Who are you calling old? Measuring 'elderly' and what it means for homicide research

 

Author(s)Addington, Lynn A.
Title Who are you calling old? Measuring 'elderly' and what it means for homicide research
Source Homicide Studies, May 2013, Vol. 17; No. 2; pp 134-153
Date 2013
Document type Journal article
Coverage USA
Summary This study examines the current definitions of 'elderly', noting that despite the lack of consensus the most common definition of elderly is age 65 and above. The U.S. Census uses age 65 and above to define elderly but also uses additional subcategories of 65 to 74 (young old), 75 to 84 (aged) and age 85 and over (oldest old). The author explores using a multiple-category measure of elderly in homicide research to assist in identifying patterns, promoting more nuanced explanations of elderly homicide and supporting target programs and policies. Data for the study is taken from the FBI's Uniform Crime Reporting Program and to compare definitions variables were examined using both a single category of 65 and older and three categories, 65-74, 75-84 and 85 and older. It was found using the multiple categories, for example, that a higher percentage of the oldest old are female, killed by family members and killed by personal contact weapons as compared to young old victims. The additional aim of this study is to start a conversation about the best practices for measuring the elderly population.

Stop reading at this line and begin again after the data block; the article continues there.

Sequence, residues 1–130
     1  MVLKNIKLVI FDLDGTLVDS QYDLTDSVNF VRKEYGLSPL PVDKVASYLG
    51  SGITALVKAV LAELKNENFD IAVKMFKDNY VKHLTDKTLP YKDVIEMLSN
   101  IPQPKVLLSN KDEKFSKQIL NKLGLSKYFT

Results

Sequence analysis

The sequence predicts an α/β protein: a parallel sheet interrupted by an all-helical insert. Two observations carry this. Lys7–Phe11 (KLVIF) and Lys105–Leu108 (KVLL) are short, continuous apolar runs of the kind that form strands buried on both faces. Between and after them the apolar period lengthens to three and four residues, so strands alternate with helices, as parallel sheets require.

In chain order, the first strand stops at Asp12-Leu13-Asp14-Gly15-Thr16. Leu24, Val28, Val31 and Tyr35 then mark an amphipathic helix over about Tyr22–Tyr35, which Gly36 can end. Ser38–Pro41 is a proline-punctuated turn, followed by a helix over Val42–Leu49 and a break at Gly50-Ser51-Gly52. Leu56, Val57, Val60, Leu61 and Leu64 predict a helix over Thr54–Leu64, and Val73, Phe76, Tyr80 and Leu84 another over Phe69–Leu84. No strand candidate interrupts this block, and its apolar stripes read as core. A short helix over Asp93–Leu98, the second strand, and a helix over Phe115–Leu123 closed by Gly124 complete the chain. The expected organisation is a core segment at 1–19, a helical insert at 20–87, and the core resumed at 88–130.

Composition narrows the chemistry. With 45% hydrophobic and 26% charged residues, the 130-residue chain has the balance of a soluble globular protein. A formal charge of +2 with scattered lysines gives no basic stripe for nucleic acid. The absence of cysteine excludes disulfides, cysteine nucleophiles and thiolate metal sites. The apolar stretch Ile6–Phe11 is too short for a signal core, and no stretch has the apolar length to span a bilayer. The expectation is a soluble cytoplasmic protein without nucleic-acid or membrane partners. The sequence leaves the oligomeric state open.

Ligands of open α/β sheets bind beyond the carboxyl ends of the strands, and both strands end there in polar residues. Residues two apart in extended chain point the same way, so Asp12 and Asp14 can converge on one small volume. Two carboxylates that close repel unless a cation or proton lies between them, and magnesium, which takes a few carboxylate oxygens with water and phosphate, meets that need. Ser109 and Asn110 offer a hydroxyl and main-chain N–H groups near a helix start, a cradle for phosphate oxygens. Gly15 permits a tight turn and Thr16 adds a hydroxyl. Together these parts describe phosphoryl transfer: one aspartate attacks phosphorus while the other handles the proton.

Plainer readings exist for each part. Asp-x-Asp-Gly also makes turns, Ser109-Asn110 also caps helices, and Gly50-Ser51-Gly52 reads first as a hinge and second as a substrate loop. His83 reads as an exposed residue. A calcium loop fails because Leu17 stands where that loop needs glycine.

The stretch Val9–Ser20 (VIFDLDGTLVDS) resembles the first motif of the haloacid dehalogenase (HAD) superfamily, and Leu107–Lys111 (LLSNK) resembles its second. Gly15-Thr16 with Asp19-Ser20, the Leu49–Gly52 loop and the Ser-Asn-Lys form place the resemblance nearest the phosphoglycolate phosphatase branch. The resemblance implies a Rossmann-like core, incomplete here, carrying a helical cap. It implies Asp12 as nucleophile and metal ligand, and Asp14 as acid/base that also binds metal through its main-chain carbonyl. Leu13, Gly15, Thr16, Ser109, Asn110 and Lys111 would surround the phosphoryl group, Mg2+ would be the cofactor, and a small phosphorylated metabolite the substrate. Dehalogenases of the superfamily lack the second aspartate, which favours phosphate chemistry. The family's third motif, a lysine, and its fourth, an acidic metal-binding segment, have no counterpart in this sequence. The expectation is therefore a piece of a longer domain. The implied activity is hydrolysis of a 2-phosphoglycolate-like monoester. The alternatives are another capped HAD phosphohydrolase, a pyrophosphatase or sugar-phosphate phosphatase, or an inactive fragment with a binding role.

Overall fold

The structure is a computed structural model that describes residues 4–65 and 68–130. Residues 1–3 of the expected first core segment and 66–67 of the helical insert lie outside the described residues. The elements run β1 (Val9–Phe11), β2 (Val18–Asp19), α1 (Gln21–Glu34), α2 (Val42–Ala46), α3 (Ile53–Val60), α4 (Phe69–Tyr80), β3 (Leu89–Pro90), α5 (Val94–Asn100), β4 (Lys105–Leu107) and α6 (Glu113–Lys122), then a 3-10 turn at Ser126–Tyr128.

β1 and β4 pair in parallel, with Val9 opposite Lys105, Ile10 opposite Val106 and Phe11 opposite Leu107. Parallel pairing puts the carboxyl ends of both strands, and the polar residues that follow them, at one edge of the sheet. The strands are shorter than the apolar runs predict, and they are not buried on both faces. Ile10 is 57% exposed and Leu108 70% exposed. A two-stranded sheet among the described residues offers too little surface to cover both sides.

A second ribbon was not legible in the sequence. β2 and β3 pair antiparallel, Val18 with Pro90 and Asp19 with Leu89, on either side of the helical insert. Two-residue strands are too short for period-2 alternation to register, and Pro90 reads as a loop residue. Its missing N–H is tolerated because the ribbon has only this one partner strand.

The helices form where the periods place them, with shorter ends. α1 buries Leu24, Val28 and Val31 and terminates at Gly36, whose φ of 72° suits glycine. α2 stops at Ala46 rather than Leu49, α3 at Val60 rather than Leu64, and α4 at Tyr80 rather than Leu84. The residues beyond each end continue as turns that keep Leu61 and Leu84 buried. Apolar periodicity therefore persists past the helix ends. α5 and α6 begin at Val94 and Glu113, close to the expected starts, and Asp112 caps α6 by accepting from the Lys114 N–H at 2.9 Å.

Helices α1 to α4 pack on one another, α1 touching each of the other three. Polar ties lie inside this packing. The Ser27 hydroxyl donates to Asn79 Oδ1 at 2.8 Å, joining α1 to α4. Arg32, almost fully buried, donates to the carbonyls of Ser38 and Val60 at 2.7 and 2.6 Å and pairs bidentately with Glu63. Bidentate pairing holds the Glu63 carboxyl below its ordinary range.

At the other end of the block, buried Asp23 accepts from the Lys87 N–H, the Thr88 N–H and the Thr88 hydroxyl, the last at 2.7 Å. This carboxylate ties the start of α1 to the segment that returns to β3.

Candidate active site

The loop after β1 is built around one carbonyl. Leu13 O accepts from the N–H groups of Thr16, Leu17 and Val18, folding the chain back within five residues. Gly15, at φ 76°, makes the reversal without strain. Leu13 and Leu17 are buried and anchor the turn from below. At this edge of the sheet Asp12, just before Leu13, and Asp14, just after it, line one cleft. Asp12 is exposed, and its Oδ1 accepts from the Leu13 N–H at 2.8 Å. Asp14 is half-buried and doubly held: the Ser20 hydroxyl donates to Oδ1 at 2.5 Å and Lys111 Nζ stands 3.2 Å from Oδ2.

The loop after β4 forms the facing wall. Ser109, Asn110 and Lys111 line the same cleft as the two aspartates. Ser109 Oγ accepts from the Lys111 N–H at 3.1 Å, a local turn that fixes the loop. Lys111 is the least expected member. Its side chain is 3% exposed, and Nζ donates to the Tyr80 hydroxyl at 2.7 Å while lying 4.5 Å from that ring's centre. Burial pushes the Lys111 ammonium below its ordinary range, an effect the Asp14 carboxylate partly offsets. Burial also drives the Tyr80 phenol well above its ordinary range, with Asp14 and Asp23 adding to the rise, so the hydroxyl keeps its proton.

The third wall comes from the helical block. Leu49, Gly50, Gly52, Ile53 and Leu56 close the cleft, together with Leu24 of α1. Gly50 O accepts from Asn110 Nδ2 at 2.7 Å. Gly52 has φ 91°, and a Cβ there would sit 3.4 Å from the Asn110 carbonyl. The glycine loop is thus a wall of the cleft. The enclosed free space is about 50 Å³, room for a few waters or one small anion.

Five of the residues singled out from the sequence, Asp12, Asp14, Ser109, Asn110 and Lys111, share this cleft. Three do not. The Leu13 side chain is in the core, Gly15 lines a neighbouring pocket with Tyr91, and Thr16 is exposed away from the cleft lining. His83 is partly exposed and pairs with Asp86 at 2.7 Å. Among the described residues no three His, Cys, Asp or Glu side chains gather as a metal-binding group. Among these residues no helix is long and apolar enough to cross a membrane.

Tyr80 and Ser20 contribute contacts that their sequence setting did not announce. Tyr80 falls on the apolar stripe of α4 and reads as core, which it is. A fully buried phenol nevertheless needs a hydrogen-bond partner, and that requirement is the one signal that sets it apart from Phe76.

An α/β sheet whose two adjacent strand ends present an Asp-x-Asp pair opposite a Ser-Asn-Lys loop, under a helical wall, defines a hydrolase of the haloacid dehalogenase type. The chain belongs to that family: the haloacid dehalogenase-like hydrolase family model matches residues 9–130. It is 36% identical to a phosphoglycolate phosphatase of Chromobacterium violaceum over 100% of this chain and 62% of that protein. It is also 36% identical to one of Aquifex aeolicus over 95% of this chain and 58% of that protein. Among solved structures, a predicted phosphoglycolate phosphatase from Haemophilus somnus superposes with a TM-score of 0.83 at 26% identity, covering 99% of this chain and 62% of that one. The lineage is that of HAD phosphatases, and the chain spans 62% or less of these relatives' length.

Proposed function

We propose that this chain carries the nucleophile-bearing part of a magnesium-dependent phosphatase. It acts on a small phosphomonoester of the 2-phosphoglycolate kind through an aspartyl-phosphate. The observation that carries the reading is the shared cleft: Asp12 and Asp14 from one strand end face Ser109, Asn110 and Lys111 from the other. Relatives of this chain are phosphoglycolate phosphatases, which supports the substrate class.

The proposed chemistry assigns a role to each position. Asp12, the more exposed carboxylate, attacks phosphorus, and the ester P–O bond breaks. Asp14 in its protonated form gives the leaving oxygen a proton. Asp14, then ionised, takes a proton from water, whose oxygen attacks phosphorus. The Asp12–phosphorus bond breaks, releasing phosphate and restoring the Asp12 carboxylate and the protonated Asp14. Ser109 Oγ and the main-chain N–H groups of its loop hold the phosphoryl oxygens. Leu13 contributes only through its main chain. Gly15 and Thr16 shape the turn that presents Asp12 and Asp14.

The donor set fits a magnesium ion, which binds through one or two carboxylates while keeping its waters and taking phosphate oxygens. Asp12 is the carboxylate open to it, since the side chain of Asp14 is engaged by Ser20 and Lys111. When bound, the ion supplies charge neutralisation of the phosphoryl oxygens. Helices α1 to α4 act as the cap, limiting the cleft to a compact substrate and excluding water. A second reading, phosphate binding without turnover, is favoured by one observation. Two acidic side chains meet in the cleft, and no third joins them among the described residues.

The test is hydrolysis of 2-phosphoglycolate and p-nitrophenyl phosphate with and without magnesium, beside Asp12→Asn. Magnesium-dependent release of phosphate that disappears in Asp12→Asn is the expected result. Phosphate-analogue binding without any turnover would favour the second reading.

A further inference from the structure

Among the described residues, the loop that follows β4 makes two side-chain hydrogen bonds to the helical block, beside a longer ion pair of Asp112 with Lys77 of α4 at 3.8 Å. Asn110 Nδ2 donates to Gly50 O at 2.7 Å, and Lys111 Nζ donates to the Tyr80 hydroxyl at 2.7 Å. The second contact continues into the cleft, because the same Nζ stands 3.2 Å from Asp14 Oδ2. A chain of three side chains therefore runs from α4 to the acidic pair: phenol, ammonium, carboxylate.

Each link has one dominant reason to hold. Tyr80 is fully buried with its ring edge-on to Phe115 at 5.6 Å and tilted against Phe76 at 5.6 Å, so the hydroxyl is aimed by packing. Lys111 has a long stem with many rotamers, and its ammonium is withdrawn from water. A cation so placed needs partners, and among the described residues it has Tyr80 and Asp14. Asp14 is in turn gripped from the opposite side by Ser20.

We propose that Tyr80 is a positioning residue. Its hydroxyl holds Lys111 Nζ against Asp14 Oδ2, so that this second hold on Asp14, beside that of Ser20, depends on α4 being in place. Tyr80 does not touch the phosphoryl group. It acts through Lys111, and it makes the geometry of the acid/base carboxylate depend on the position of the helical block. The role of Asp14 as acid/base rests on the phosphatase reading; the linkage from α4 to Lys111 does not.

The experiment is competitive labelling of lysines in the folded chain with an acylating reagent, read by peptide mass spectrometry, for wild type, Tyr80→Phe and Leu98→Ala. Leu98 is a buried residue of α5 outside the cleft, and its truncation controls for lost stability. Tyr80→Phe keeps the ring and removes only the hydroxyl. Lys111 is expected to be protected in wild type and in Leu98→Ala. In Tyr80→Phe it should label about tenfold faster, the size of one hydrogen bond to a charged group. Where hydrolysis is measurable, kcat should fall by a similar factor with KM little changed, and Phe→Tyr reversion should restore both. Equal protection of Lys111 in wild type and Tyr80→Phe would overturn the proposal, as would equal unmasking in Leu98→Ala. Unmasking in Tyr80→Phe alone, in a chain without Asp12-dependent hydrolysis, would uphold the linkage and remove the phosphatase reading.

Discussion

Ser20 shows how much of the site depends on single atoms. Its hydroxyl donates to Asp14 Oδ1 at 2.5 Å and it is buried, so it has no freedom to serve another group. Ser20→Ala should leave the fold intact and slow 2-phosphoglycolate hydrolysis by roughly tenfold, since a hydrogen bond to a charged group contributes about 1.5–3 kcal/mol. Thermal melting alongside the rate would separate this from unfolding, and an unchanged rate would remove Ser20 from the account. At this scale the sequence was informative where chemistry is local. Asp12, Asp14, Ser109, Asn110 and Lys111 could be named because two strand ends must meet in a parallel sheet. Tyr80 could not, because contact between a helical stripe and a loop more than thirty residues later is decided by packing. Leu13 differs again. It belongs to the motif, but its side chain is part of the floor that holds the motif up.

Keywords Methodology; victimisation; elderly; policy
Topic

Elder abuse; research methods